Submitted to: International Society of Applied Ethology
Publication Type: Abstract only
Publication Acceptance Date: 4/15/2005
Publication Date: 8/22/2005
Citation: Marchant Forde, J.N., Pajor, E.A. 2005. Sow steriotypic behaviour in relation to dietary sodium bicarbonate. International Society of Applied Ethology. p. 134. Interpretive Summary:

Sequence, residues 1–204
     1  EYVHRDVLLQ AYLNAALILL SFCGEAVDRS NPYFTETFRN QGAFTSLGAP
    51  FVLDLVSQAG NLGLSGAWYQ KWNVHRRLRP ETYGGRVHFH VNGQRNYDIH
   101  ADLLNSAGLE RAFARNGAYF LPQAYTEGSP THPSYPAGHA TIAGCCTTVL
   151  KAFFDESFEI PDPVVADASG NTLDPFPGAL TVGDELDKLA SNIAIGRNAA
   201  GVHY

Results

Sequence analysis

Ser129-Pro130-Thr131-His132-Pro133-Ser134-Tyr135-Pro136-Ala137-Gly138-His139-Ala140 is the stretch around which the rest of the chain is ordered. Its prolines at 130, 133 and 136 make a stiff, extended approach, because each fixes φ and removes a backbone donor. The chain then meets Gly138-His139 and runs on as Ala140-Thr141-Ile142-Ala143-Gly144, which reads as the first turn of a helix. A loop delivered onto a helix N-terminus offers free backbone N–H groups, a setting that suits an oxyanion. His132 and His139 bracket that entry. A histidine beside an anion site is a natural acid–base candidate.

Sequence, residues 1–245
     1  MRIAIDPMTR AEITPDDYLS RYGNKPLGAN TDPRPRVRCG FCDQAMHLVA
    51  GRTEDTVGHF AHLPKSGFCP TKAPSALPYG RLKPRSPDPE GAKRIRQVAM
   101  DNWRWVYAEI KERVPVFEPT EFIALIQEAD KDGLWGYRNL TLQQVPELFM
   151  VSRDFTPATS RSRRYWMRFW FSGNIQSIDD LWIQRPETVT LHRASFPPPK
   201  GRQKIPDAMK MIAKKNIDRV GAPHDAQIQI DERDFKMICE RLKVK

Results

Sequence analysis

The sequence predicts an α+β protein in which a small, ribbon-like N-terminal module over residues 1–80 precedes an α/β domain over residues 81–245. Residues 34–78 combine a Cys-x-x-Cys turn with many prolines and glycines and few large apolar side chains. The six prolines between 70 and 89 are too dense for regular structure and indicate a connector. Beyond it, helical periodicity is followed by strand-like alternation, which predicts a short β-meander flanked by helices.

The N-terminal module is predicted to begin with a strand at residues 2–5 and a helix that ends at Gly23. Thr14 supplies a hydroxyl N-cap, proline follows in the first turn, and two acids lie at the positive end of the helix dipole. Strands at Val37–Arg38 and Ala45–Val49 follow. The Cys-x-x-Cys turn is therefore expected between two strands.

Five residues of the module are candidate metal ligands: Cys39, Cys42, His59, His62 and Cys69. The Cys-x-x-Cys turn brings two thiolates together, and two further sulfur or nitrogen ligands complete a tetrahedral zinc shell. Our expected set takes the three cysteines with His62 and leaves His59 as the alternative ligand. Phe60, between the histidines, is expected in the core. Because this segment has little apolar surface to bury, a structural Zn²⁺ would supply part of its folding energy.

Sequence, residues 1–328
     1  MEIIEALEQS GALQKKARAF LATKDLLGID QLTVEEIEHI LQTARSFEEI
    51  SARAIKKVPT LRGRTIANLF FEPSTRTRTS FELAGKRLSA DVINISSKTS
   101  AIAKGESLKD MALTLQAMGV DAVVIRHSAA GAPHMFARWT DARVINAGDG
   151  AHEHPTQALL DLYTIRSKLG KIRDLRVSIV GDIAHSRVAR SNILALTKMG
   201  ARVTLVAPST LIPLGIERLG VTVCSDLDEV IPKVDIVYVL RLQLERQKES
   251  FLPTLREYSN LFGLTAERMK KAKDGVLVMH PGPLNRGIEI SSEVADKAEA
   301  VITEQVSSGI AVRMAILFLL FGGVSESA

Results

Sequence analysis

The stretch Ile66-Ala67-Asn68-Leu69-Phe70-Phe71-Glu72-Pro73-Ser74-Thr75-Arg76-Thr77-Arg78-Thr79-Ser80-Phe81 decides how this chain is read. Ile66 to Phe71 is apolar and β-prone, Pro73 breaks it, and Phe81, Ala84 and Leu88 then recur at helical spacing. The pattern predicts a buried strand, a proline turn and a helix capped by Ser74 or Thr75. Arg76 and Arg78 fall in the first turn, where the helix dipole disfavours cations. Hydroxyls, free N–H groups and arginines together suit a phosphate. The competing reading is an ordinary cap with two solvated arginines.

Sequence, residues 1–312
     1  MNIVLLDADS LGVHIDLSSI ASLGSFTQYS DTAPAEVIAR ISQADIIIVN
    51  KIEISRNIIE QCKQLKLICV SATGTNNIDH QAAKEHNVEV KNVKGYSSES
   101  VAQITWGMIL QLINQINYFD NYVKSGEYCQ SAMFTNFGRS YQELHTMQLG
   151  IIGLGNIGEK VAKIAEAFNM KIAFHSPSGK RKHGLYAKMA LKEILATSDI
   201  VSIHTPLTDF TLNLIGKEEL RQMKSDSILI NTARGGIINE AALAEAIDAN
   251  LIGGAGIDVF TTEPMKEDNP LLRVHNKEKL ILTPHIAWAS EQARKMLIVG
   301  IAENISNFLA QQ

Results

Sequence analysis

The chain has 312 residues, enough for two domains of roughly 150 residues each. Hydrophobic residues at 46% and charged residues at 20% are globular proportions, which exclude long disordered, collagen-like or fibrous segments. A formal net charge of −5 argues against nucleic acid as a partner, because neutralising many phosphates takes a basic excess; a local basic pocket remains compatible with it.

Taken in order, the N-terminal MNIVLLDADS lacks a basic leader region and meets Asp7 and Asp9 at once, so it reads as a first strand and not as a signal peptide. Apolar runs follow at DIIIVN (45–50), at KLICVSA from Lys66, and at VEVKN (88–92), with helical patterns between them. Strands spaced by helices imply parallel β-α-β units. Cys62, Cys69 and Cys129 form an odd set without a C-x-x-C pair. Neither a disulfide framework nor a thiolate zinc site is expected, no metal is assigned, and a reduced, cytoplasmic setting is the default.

Technical Abstract: Stereotypies performed by confined sows have been implicated as indicating poor welfare. There is evidence in horses that oral stereotypies serve to buffer pH and reduce gastric ulceration. Gastric ulceration is prevalent in sows and a weak link with stereotypies has been established. The objective of this study was to determine whether stereotypic behaviors were affected by dietary NaHCO3. Sixteen crated sows were subjected to changing diets over a 6-week period, with each animal acting as its own control. During weeks 1&2 and weeks 5&6, all sows were fed a commercial ration. During weeks 3&4, all sows were fed a commercial ration containing 2% NaHCO3. Behavior and heart rate (HR) were recorded once per week from ½h pre-feeding to 2h post-feeding. These data were analysed to determine the incidence and durations of stereotypic behaviors, posture and HR responses to feeding. Comparisons used Friedman ANOVA with dietary treatment as between-subjects factor, blocked by sow. Post-hoc comparisons used Wilcoxon signed rank tests. Pre-feeding, sows spent 46.2% of time their engaged in stereotypies, increasing to 55.23% post-feeding (P<0.05). Pre-feeding behaviors were crate-nosing (NC=11.7%) and bar-biting (BB=11.6%). Post-feeding behaviors were floor-nosing (NF=22.3%) and sham-chewing (SC=10.2%). The post-feeding durations of BB and NF were lower after bicarbonate (BB weeks 1&2=330s, weeks 3&4=166s weeks 5&6=175s, P<0.01, NF weeks 1&2=2010s, weeks 3&4=1412s, weeks 5&6=1140s, P<0.05), but the post-feeding duration of trough-nosing (NF) increased (weeks 1&2=192s, weeks 3&4=514s, weeks 5&6=559s, P<0.001). Post-feeding, sows spent more time lying (weeks 1&2=2108s, weeks 3&4=2945s, P<0.01) and less time standing (weeks 1&2=4402s, weeks 3&4=3444s, P<0.01) when the diet contained bicarbonate. HR response to feeding was higher (p<0.01) in week 4 (163bpm) than any of the other weeks (151bpm). Addition of dietary bicarbonate may affect both the performance of feeding-related stereotypies and the cardiac response to feeding. Further investigation is required to elucidate the mechanisms by which bicarbonate may be acting.